|The easing cycle is likely over, though NBP president Marek Belka wouldn't definitively rule out further cuts|
Courtesy of IMF
Poland’s interest-rate setting body, the Monetary Policy Council (RPP), slashed the National Bank of Poland’s reference rate by an unexpected 50 basis points last Wednesday, bringing it to an historic low of 3.25 percent.
The cut is the fifth in the row for the council, which previously had cut 25 basis points each month from November through February.
Most analysts had expected a cut, but not such a steep one. Out of 26 economists surveyed by press agency PAP, 19 had expected a 25-bp cut, while seven had expected the RPP to hold rates unchanged.
Recent macroeconomic figures coming out of Poland had sent mixed signals. The unemployment rate jumped in January to 14.2 percent, but retail sales positively surprised with a 3.1 percent rise, after a -2.5 percent drop in December. The manufacturing sector seems to be slowly improving, while GDP was shown to have grown by a higher-than-expected 1.1 percent in the fourth quarter of last year.
|Source: National Bank of Poland|
That, along with statements from Mr Belka early in February that the council’s rate-cutting period was “coming to an end,” led some to think that the RPP would pause with its cuts.
Instead, the council slashed rates by 0.50 percent, a surprise to nearly everyone. The reference rate – which is used by banks and others to set interest rates in everything from mortgages to consumer loans to interbank loans – is now lower than it was during the darkest days of the economic crisis.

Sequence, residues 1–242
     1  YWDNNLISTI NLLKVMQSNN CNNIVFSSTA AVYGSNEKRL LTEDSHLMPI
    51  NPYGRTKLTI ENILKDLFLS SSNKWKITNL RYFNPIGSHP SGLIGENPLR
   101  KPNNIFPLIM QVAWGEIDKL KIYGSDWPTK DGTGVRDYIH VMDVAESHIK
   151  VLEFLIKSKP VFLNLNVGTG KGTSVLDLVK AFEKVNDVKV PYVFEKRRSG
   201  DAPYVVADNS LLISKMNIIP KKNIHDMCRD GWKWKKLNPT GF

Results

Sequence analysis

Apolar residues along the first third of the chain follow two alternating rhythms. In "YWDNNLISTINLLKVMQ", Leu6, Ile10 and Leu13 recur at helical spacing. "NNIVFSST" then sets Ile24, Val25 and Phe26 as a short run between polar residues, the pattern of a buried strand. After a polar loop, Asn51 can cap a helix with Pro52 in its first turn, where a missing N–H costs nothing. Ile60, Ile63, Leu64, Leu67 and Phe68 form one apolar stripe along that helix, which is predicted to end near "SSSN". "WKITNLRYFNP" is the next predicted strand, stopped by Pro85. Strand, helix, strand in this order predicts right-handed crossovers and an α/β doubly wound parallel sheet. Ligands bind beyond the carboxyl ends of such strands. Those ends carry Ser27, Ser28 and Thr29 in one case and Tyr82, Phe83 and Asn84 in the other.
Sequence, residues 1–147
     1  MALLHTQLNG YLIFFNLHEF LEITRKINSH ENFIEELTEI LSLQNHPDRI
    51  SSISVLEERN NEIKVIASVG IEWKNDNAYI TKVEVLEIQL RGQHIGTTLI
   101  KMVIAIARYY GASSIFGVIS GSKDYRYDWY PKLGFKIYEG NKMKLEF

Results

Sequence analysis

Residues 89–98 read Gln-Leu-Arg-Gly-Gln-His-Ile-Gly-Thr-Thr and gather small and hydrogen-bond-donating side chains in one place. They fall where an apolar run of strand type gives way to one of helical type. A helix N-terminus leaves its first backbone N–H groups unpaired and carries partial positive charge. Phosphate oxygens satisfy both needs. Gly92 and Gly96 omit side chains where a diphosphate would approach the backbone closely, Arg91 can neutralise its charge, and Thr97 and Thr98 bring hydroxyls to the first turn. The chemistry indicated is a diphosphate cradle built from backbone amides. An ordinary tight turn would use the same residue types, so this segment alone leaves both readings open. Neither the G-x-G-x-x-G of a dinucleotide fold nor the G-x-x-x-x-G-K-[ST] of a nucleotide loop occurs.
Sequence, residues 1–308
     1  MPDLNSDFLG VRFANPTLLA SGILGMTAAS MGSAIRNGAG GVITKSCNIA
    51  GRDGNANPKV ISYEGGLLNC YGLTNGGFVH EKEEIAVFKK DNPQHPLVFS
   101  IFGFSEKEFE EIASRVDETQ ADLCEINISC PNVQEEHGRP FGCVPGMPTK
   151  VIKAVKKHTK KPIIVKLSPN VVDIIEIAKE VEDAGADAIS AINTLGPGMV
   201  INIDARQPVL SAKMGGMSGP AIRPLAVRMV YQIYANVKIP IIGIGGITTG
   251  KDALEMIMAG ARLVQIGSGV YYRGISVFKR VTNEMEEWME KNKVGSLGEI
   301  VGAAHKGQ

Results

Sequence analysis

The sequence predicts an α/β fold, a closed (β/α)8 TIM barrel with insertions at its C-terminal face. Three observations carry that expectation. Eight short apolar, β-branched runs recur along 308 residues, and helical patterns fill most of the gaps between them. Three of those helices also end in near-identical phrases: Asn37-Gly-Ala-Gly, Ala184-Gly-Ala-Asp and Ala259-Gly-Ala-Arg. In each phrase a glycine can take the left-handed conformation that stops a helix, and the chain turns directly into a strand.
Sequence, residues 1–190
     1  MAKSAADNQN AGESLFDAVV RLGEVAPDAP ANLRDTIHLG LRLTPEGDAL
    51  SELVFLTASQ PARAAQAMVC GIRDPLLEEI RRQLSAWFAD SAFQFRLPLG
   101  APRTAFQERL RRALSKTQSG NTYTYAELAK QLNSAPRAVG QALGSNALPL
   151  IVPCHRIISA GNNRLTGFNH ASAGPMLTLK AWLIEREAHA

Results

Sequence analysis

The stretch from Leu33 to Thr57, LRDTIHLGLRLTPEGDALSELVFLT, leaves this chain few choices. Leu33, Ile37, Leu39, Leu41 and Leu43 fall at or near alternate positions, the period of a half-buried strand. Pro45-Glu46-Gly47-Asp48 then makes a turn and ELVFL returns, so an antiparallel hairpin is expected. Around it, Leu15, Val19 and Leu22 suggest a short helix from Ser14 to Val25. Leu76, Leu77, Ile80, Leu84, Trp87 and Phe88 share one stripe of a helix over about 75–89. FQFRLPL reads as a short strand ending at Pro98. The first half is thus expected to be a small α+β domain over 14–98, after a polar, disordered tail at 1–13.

At a press conference after the decision, Mr Belka told the media that the council wanted to put a “full stop placed after a certain series of rate cuts” and that the council is now taking a “wait-and-see” approach. He wouldn’t go so far as to rule out further cuts, but said that the council would need “inflation and GDP data to differ significantly from what we see in the [current NBP] projection,” before any further cuts are made.
Nevertheless, some economists still expect the council to further cut rates this year. “Going forward, we think that more rate cuts have to be penciled in,” said analysts at Danske Bank in an e-mailed statement. They called the cut “the right move.”
Economists point out that inflation – the main factor that the RPP is supposed to take into account when making its decision – has been falling rapidly, from 3.8 percent in September last year to 1.7 percent in January this year. The council’s target inflation rate is 2.5 percent, with a band of flexibility of plus or minus 1 percent.
Przemysław Kwiecień, chief economist at X-Trade Brokers, said that the decision would “help the Polish economy.”
“The 50bp interest rate cut it is certainly not a mistake by the RPP,” he told WBJ. “An economic slowdown is clearly visible, while there are no inflationary pressures. What is worse, the slowdown comes not only from declining exports, but also from falling consumption. The cut also does not hurt the złoty, which is still strong relative to other currencies.”
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